How to Improve Landing Pages
The reason is that landing pages have a distinct purpose, and it’s not the same purpose that’s assigned to the home page.
The home page of a website or blog is similar to a summary of the site. That’s why it’s official name is the index page for the entire site directory.
The home page is where most visitors land when first coming to a site. Its job is to instantly communicate what the site is about. It gives a visitor a glimpse of what information and details are waiting for them when they click around the site. The home page usually has one strong call to action inviting the visitor to start here, but without using those words. On any site, there is only one home page.
On the other hand, the landing page is not a summary. It’s job is not to summarize or list the features and benefits of the site. In fact, there can be more than one landing page on any given site.
The landing page is a sales page. In fact, it is “the” sales page. That’s its job. It’s as if the page was a big round target with a bullseye in the middle. Prospects for your sales page are the arrow that you want to attract to your sales page, but that’s only step one.
Using the target and arrow as an example, most better understand that land pages are lead-generation or lead-capture sales pages.
Another way to know the purpose of landing pages is to realize that underneath the content, the landing page is an super advertisement with a catch. It’s a mousetrap waiting to snap up response to whatever the offer is.
When you realize that a landing page is a sales page, it’s easier to understand it’s purpose. Once a marketer, such as a home business startup, knows what a landing page is, and what it’s designed to accomplish, then it’s easier to improve landing pages.
1. The first step in the process of developing a land page is to decide where the visitor is going to come from. For example, if you run an Adwords campaign, landing page A could be where the visitor lands after clicking the ad link.
Other starting points could be an email campaign or even offline newspaper advertising.
It’s important to know where the visitor originates so you can have the correct information waiting on the page.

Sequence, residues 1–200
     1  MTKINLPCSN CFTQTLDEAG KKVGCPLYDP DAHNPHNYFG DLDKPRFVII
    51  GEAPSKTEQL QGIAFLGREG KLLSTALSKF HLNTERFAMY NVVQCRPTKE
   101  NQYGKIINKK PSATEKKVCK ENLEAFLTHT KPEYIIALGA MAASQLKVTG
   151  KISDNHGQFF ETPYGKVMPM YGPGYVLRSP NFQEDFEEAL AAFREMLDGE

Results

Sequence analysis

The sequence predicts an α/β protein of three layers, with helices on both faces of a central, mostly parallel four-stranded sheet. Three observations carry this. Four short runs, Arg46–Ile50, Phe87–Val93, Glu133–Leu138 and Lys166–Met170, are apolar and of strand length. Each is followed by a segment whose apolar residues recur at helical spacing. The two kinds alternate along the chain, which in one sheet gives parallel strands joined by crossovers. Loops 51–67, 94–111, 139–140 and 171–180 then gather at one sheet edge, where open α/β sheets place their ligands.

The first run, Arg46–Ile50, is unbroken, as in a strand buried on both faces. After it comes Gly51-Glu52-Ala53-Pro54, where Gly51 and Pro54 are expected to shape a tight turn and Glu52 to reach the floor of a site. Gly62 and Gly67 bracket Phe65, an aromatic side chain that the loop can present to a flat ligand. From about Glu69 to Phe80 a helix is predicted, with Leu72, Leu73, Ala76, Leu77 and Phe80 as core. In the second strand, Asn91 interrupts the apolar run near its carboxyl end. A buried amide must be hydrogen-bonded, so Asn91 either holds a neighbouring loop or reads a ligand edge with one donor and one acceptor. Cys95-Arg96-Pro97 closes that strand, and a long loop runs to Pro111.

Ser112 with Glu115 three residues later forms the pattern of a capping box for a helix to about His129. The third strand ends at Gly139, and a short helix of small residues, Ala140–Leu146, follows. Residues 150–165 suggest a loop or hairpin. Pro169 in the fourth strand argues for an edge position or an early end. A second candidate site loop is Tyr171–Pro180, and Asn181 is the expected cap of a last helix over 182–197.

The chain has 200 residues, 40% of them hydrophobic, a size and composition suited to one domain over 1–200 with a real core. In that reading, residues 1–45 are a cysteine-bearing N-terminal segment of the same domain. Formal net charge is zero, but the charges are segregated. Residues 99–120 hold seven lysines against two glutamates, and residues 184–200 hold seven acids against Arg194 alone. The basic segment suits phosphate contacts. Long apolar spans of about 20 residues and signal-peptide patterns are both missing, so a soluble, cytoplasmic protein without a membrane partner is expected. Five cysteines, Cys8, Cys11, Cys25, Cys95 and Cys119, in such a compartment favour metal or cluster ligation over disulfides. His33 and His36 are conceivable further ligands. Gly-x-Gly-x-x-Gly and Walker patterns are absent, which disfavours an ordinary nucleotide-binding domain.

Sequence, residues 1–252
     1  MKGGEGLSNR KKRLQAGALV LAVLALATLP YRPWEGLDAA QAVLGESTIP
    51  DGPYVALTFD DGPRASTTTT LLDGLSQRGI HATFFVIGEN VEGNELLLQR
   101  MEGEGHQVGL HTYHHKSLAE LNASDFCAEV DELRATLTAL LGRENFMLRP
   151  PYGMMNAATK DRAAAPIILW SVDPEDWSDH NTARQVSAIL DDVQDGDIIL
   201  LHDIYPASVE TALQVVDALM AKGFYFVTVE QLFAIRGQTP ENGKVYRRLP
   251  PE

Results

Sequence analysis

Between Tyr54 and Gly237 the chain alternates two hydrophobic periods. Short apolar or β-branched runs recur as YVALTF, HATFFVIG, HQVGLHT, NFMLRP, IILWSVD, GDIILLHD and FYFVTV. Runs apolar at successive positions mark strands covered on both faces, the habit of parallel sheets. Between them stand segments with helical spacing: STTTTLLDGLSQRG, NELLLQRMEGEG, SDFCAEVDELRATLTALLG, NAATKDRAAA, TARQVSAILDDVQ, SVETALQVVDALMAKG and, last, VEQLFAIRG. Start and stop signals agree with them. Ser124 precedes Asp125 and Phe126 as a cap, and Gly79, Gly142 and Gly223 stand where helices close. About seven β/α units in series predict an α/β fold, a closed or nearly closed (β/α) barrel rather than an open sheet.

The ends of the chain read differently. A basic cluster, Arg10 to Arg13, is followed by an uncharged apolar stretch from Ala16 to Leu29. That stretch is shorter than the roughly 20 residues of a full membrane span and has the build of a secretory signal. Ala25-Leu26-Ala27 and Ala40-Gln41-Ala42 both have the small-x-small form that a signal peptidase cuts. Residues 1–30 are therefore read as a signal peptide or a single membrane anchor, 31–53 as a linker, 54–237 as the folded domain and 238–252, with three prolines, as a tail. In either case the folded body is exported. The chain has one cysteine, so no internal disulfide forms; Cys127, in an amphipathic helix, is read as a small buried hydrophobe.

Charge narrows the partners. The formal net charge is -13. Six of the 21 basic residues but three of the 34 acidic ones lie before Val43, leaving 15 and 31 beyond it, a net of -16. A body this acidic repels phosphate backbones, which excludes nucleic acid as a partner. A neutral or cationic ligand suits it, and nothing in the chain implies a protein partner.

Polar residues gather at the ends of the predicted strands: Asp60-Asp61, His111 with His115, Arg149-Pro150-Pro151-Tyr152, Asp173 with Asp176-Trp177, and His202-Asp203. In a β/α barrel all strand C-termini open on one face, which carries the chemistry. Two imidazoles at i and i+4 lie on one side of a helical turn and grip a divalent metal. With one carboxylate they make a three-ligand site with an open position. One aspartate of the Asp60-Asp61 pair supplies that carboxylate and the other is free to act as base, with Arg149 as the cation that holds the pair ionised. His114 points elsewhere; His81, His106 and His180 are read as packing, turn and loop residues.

For example, your Adwords campaign might promise a discount, whereas an email campaign might be promoting an ebook. You want the visitor to instantly know they are on the right page.
The first way to improve your landing page is to make the content match the offer. Some newbies load the page with everything under the sun that their site offers. That’s confusing and dilutes the opportunity for a sales conversion. In other words, too many options generally result in no action. It’s overwhelming and the visitor clicks away.
2. Once you’ve got visitors coming to your landing page, you want to present your offers in a way that leads them to take action. That is, take the action you want them to take.
There are many strategies that help lead the prospect through the sales process. One strategy that many new home business startups overlook is the mini-close. You want to begin getting agreement as quickly as possible. You can improve landing pages by placing several mini-closes from the top of the text to the final closing sequence.
3. Finally, one of the best tips to improve landing pages is the call to action. This is where top marketers put their best foot forward. It’s the last chance to convert visitors from browsers to buyers — even if you want them to buy-in downloading a free ebook or to subscribe to your newsletter. It’s a sale. Not every call to action has an immediate financial outcome. That may come later… in the sales sequence.
That’s the tip. For some sales, it’s wiser to gently lead the visitor to take some action. Newbies try to cram the buy now, download now, get this or that — in the face of visitors. That may work, but it’s more likely that the conversion rate is low compared to what could be accomplished. Top marketers follow proven marketing strategies and in doing so earn a high percentage of sales conversions.
Offer one thing. Lead the visitor through the landing page content with agreement. Close the sale with a strong call to action. Analyze your click-through rates and conversion rates to determine if the landing page content does its job. Make modifications until the rates meet your objectives.
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